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I’ve been into training relatively hard on hills lately and I can only see it getting better as I’m getting stronger. For the past two weeks or so, I’ve been thinking of the best way to simulate a portion of Leadville 100 (the one that has something like a 4500′ increase in elevation in about 4 miles or so). Given that all the treadmills on campus only go up to 15%, I decided that this was my only option. So after warming up a bit (10 minutes), I decided it was time to bring it on.

I increased the incline to 15% and kept it there for the remainder of the hour (50 minutes). I did several things at this incline. Going into it, I was thinking I will just speed-walk the entire hour. Yeah, right. I was feeling too good. So I cranked up the speed to about 4.5 and ran it for a half mile. Then I brought up back down to a brisk walking pace–between 3.4-3.5 pace. Did that for about 3/10 mile or so then back up to the run. This continued on for a bit until I remembered not to injure myself by going too much in one workout. Then I slowed it down a bit by walking a bit more than running, but still pushing for something definitely over 2000 ft in elevation.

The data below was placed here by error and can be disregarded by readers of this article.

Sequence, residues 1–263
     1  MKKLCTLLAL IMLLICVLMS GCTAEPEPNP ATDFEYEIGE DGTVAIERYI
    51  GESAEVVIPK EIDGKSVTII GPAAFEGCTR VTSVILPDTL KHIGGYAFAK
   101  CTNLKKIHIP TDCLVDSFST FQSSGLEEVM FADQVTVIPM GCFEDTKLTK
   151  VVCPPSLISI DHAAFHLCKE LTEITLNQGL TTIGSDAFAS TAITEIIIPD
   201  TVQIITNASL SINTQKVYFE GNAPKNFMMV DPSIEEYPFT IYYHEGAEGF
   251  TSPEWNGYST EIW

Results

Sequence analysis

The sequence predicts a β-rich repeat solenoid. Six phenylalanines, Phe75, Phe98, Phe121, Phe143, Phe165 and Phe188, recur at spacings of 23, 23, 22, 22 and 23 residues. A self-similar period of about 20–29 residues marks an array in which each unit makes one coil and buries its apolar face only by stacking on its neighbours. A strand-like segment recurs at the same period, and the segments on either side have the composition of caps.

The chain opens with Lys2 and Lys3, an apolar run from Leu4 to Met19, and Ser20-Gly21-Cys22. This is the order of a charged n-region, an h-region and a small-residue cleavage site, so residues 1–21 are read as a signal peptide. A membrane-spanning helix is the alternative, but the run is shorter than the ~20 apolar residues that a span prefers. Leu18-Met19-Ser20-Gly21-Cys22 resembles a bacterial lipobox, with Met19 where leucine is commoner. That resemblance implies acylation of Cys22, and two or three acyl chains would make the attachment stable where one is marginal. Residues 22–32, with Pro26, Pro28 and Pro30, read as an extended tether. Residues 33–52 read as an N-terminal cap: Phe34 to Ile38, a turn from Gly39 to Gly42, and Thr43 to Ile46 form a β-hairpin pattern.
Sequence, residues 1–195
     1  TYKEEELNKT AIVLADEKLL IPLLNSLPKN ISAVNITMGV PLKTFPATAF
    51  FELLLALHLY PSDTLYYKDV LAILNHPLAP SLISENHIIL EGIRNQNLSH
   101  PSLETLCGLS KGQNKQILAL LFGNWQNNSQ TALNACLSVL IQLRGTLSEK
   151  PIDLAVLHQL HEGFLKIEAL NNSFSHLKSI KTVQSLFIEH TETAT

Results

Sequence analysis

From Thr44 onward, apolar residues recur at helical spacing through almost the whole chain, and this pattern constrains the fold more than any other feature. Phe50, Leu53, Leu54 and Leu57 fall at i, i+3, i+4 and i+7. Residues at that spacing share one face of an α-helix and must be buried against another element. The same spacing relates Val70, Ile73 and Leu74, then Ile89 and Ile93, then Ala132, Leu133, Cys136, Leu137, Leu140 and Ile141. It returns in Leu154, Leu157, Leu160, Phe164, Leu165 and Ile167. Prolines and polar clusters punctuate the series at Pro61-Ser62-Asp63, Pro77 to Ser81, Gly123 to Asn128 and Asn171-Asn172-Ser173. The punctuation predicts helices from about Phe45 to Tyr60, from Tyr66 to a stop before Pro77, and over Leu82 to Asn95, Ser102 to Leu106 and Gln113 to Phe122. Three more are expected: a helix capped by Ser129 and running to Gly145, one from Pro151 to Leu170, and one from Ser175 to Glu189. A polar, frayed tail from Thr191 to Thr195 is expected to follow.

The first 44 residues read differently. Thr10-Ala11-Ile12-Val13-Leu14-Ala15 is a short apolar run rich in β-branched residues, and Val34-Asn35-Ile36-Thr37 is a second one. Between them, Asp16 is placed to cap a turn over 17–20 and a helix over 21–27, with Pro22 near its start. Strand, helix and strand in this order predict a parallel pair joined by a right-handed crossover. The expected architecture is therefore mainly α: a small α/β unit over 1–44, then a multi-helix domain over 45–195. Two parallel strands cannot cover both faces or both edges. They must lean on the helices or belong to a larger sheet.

When it was all said and done I had gained 2600 feet of elevation in this 50 minute workout. The mileage in this time was about 3.5 miles. So it appears that you cannot simulate the portion of Leadville with the mad incline. However, you can get close and the workout itself isn’t so bad. Once I get stronger, I’ll run more of it. But for now, I’ll workout out smartly and not get myself injured in the process.

And as a side note: I wore my Drymax Maximum Protection socks for this workout and they worked like a charm. I was sweating pretty profusely, but these socks kept my feet dry and feeling comfortable the entire time. These socks are the real-deal. These guys even offer a money back guarantee that this sock will keep your feet drier than any other sock. That kind of guarantee is just unheard of. I gladly stand behind this sock and will recommend it to anyone looking for a sock that will finally get the job done.